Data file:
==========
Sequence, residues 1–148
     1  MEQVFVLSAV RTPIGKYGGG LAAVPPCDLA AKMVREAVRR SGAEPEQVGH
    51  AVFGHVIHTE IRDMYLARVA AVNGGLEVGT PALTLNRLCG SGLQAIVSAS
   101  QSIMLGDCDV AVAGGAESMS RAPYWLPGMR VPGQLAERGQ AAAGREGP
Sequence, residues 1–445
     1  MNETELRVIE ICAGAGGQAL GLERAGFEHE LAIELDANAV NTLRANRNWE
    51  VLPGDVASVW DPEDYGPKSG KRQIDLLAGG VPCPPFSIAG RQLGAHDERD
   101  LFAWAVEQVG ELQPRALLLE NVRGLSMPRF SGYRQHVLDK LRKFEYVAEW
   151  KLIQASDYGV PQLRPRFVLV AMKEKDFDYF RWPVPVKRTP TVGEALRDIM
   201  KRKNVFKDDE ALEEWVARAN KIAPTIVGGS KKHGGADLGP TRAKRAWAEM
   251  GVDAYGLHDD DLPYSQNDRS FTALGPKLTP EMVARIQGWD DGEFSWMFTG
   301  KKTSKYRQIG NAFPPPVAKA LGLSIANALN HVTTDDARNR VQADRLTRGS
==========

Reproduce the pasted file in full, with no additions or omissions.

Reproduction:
Sequence, residues 1–148
     1  MEQVFVLSAV RTPIGKYGGG LAAVPPCDLA AKMVREAVRR SGAEPEQVGH
    51  AVFGHVIHTE IRDMYLARVA AVNGGLEVGT PALTLNRLCG SGLQAIVSAS
   101  QSIMLGDCDV AVAGGAESMS RAPYWLPGMR VPGQLAERGQ AAAGREGP
Sequence, residues 1–445
     1  MNETELRVIE ICAGAGGQAL GLERAGFEHE LAIELDANAV NTLRANRNWE
    51  VLPGDVASVW DPEDYGPKSG KRQIDLLAGG VPCPPFSIAG RQLGAHDERD
   101  LFAWAVEQVG ELQPRALLLE NVRGLSMPRF SGYRQHVLDK LRKFEYVAEW
   151  KLIQASDYGV PQLRPRFVLV AMKEKDFDYF RWPVPVKRTP TVGEALRDIM
   201  KRKNVFKDDE ALEEWVARAN KIAPTIVGGS KKHGGADLGP TRAKRAWAEM
   251  GVDAYGLHDD DLPYSQNDRS FTALGPKLTP EMVARIQGWD DGEFSWMFTG
   301  KKTSKYRQIG NAFPPPVAKA LGLSIANALN HVTTDDARNR VQADRLTRGS